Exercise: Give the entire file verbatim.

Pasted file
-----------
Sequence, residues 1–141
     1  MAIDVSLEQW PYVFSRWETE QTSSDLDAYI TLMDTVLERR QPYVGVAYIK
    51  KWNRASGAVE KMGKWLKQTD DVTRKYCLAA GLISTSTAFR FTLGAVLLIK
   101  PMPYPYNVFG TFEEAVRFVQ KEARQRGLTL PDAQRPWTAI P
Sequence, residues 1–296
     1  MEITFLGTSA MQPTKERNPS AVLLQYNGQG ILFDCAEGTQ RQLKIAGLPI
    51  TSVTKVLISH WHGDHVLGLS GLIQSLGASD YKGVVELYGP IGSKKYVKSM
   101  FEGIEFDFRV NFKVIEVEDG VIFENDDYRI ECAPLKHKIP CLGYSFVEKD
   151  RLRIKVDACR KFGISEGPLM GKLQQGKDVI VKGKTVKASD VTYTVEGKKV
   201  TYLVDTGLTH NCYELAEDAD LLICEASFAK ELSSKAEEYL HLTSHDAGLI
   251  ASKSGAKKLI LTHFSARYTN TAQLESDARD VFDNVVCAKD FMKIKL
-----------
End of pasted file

Sequence, residues 1–141
     1  MAIDVSLEQW PYVFSRWETE QTSSDLDAYI TLMDTVLERR QPYVGVAYIK
    51  KWNRASGAVE KMGKWLKQTD DVTRKYCLAA GLISTSTAFR FTLGAVLLIK
   101  PMPYPYNVFG TFEEAVRFVQ KEARQRGLTL PDAQRPWTAI P
Sequence, residues 1–296
     1  MEITFLGTSA MQPTKERNPS AVLLQYNGQG ILFDCAEGTQ RQLKIAGLPI
    51  TSVTKVLISH WHGDHVLGLS GLIQSLGASD YKGVVELYGP IGSKKYVKSM
   101  FEGIEFDFRV NFKVIEVEDG VIFENDDYRI ECAPLKHKIP CLGYSFVEKD
   151  RLRIKVDACR KFGISEGPLM GKLQQGKDVI VKGKTVKASD VTYTVEGKKV
   201  TYLVDTGLTH NCYELAEDAD LLICEASFAK ELSSKAEEYL HLTSHDAGLI
   251  ASKSGAKKLI LTHFSARYTN TAQLESDARD VFDNVVCAKD FMKIKL